04.7

Norman Mailer’s Letters on An American Dream 1963-69. Edited by J. Michael Lennon. Shavertown, PA: Sligo Press, August. 124 pp., $150.

Dedication: “For Donna, Stephen, Joseph and James. With a special appreciation for the students of English 397, Norman Mailer Seminar, at Wilkes University.”

Limited, numbered edition of 110, signed by Mr. Mailer and editor. A compilation of 76 letters to family, friends, literary associates and admirers concerning the 1964 serial publication in Esquire of Mailer’s fourth novel, its subsequent publication in revised form by Dial Press in 1965, and the 1966 Warner Brothers film version. Contains 14 illustrations (10 in color), four appendices, critical introduction, and index. Advance excerpt of nine of the letters appeared in Provincetown Arts 19 (summer 2004), 109-13. Sixteen of the letters appeared in SLNM.

Norman Mailer's Letters on <i>An American Dream</i> 1963-69 (2004)

04.6a

“Learning from Mailer: Toss Plot, Focus on Character.” Article by Emily C. Dooley. Cape Cod Times, 11 July. The writer observes NM’s writing workshop at the Fine Arts Work Center in Provincetown. The brunt of his presentation is on the dangers of plotting a novel too tightly beforehand. “I don’t want my story to be in place before my characters develop,” he said. He also compared and contrasted first and third person points of view.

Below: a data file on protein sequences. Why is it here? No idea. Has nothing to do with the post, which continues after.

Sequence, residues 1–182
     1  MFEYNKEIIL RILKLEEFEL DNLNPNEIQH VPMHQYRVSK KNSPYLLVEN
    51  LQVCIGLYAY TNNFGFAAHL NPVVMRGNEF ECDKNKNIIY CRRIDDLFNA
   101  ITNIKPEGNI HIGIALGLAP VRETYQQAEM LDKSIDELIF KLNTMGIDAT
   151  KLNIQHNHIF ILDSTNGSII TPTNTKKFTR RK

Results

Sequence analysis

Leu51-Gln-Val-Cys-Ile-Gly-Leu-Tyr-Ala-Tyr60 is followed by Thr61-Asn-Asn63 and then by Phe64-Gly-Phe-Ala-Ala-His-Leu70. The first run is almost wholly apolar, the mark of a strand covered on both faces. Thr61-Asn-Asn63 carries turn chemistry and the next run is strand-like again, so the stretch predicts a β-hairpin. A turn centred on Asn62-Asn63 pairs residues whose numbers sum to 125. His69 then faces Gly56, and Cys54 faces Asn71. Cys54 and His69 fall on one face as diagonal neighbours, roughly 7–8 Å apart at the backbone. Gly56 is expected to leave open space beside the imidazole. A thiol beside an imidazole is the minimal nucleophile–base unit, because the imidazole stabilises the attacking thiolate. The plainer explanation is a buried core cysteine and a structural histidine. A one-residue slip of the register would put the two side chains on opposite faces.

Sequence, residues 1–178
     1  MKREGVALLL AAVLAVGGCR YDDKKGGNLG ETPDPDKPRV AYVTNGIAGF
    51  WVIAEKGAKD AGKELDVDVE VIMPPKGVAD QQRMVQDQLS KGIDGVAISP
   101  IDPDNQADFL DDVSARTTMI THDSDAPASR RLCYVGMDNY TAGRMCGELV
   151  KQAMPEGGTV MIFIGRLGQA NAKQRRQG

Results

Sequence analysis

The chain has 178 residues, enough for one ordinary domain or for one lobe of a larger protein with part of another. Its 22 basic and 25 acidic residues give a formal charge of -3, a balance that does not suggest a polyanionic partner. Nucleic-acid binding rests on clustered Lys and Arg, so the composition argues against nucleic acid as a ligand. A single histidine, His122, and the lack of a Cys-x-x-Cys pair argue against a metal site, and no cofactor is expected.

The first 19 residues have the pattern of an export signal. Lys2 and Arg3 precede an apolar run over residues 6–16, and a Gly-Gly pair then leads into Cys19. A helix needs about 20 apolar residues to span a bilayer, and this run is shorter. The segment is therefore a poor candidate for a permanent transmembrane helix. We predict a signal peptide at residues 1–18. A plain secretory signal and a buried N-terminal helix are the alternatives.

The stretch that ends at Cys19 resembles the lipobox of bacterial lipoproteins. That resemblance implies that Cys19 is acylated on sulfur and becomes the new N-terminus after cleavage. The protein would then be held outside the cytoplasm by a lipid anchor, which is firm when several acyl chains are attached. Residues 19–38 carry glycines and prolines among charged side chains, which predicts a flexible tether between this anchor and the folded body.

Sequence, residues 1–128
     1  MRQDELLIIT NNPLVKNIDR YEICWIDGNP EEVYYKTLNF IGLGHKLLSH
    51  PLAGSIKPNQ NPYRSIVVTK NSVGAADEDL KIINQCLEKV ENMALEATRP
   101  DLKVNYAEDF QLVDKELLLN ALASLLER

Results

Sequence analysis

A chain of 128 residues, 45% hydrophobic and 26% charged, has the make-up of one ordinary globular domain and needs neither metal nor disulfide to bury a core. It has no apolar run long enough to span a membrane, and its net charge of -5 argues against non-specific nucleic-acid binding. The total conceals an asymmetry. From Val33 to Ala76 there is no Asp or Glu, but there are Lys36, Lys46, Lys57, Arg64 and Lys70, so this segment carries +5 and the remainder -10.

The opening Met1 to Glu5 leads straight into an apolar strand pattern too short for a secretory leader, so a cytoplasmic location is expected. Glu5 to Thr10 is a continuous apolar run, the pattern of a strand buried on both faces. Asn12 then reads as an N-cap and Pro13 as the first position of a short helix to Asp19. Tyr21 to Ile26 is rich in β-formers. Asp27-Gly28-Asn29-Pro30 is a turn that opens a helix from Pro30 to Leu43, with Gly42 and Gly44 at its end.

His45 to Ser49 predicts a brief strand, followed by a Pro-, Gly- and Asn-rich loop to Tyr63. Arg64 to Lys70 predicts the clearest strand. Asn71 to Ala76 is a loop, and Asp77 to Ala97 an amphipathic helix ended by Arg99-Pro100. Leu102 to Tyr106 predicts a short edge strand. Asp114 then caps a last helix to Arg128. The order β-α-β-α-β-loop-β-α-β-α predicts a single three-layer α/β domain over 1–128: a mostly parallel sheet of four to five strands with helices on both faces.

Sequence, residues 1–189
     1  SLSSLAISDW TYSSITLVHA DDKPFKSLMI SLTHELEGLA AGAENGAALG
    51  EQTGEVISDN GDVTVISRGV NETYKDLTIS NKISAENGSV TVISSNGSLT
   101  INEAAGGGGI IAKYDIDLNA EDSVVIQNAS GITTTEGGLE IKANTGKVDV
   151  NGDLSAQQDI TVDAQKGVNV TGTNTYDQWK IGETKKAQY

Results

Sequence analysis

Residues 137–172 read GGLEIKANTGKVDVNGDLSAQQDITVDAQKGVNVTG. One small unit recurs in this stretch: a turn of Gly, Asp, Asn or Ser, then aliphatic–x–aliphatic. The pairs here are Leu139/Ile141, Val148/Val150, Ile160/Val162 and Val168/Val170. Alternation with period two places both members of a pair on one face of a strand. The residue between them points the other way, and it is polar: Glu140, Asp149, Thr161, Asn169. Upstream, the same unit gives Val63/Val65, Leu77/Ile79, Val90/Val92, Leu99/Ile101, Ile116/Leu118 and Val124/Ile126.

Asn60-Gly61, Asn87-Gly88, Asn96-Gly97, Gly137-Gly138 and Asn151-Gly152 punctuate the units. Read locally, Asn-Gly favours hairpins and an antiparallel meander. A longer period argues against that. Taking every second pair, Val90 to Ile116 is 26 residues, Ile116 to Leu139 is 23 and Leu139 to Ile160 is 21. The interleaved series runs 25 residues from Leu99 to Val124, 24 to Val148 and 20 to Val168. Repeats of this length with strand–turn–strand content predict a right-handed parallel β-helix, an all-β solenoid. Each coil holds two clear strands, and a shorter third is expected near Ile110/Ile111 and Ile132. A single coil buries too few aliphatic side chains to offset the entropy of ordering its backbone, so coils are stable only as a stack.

04.6

Interview: Norman Mailer.” Academy of Achievement, 12 June. Comprehensive interview ranging over Mailer’s early life in Brooklyn, Harvard education, WWII experience, his early novels, parents and literary influences.

04.5

“Mailer: Why He is Still at War.” Article by S.H and J.P. Pennsylvania Gazette (Univ. of Pennsylvania), May-June. After being introduced by Robert F. Lucid, Mailer answered questions at the Kelly Writers House on the University of Pennsylvania campus, most of them dealing with politics and the Iraq War. He said,

The finest principles in the world in politics always converge with an audience—which is why perfectly ordinary people often become successful in politics, and brilliant people often fail. It’s because one has a sense of timing and the other doesn’t.

04.4

Preface to The Good, the Bad, and the Dolce Vita: The Adventures of an Actor in Hollywood, Paris, and Rome, by Mickey Knox, 1-5. New York: Nation Books, 1 April. Knox, one of Mailer’s oldest friends, appeared in two of his experimental films in the 1960s, and the 1967 off-Broadway production of Mailer’s play, The Deer Park (67.13). Mailer discusses Knox’s brilliant performance in the play, his screen work, his reputation a lover, and his overseas work as a dialogue coach after being blacklisted during the Red scare of the late 1950s.

04.2

“Immodest Proposals.” Playboy, January 2004, 90-94,198, 266, 268, 270, 272. Fiftieth anniversary issue. Long essay outlining a platform for the Democrats in the 2004 election, including ideas on corporations, taxes, education, the environment, drug decriminalization, abortion, gay marriage, homeland security, the Iraq War, and foreign policy. Rpt: MO.

04.1

[Comment of the passing of George Plimpton]. Harvard Advocate 140, no. 2 (winter), 13. Memorial number. Mailer, who acted in “Zelda, Scott and Ernest” (see 01.3) with his wife, Norris, and Plimpton more than a dozen times, lauds Plimpton as “the best gentleman most of us ever got to know.” Rpt: MO.